At 6,960 m, Aconcagua, one of the Seven Summits, is the highest mountain outside Asia and the second-highest in the world after Everest. It is located in South America, in the Andes range, in the Mendoza province of Argentina.
Every year, mountaineers from all around the world are drawn to this towering Andean giant to tackle its flanks on the way up to its summit. However, although climbing Aconcagua is pretty straightforward from a technical perspective, due to its high altitude, proper acclimatization is key.
Many expeditions to the summit of Aconcagua take this into consideration and include acclimatization programs in their itineraries. These trips usually last around 18 days or more and consider other shorter climbs in Mendoza as part of the preparation for the final challenge. However, not all mountaineering tours to the Aconcagua summit feature an extensive acclimatization program. Furthermore, some people require more preparation than others. Therefore, for those planning to climb this mountaineering landmark, it is always good to consider additional acclimatization options.
We asked Luciano, an EPGAMT Mountain Guide from Mendoza, to share some of his knowledge regarding acclimatization for Aconcagua. Read on to find the best trips in the stunning mountains of Mendoza to prepare for your Aconcagua climb and look at some of the mountaineering options in the region offered by our guides to start planning your trip!
Acclimatization is the process through which living organisms adapt to change. In mountaineering, this term is used to express the adaptation of the human body to high altitudes. At approximately 2,100 m.a.s.l, oxygen levels begin to drop, and so, the body increases breathing depth and rate. This can in turn increase the blood PH and suppresses the digestive system. In concrete symptoms, this is usually felt as sluggishness and slow digestion.
At higher altitudes, however, the strain on the body is greater. Without proper acclimatization, the body may undergo Mountain Sickness with varying degrees of gravity, which become more dangerous the higher up you go. In fact, altitudes above 8,000 m.a.s.l are termed the “death zone” due to the fact that humans can’t adapt to these altitudes without supplementary oxygen.
Therefore, it is important to follow an adequate adaptation program to compensate for increases in altitude, especially when tackling very tall mountains such as Aconcagua. The full adaptation usually requires gradual increases in altitude and rest days to allow the body to adjust. A good option is to arrive a few days before the trip to try some additional excursions to lower mountains to begin the acclimatization process slowly. However, acclimatization is not only physical. Luciano‘s integral adaptation follows the following 3 steps:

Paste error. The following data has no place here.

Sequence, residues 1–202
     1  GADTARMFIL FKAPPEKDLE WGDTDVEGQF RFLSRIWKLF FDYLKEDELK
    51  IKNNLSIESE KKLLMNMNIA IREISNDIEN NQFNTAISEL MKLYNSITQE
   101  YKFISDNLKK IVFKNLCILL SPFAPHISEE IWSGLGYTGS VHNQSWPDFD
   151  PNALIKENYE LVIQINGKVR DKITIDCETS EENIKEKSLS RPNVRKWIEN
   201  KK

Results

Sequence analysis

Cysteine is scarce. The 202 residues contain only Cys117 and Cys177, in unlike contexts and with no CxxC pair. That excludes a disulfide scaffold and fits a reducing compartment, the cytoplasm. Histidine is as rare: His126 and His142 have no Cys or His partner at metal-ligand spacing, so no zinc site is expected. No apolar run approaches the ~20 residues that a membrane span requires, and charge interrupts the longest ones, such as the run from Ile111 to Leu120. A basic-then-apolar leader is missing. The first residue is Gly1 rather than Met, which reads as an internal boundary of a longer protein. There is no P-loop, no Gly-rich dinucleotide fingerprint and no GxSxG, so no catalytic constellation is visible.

Many of the climbing options to prepare for Aconcagua lie in the Aconcagua Provincial Park, others lie in the Cordón del Plata range, a little further south in the Tupungato and Luján de Cuyo departments. This range is approximately 80 km away from Mendoza and is considered to be the perfect mountaineering “school”. Other options outside Mendoza are also interesting alternatives to explore, for example, Catamarca has many options to climb mountains that are over 6000 m.a.s.l.
“In Mendoza, the Cordón del Plata range has always been our school, where we’ve gained most of our experience. It’s nearby and offers different possibilities with a variety of challenges to tackle depending on where you want to place your bets.
In terms of altitude, Catamarca is our fun park due to the enormous concentration of mountains over 6000 m.a.s.l. The logistics are more complex and you can set your own safety parameters. It’s a whole other ball game!”
In the Aconcagua vicinity, Cerro Tolosa is another great option to acclimatize and train. It lies at an altitude of 5,307 m.a.s.l and is famous for the beautiful glaciers at its summit. Climbing Tolosa is not without its challenge, but well worth the reward and a great way to prepare for Aconcagua. On this 8-day Cerro Tolosa mountaineering excursion, you will enjoy both a challenge and a nice slow pace for gentle acclimatization.
At 5469 m, Cerro Vallecitos is another great option in the Cordón del Plata range to train for Aconcagua. This 6-day Vallecitos program includes climbing up Mt. Arenales, which at 3.299 m.a.s.l is an easy-going ascent, and then tackling the summit of Mt. Vallecitos which makes it an ideal program for anyone who wants a gradual and slow acclimatization program.
“When I have one of these expeditions I like to go to Vallecitos in the Cordon del Plata range, and then the Aconcagua ascent is a lot faster and cheaper.”
Climbing Aconcagua is a mountaineering dream that can easily be achieved with the correct preparation. Technically it is not a complex mountain to climb, but proper acclimatization is a must. Pick your acclimatization program now and start planning for an unforgettable climb to the top of the world’s highest mountain after Everest!
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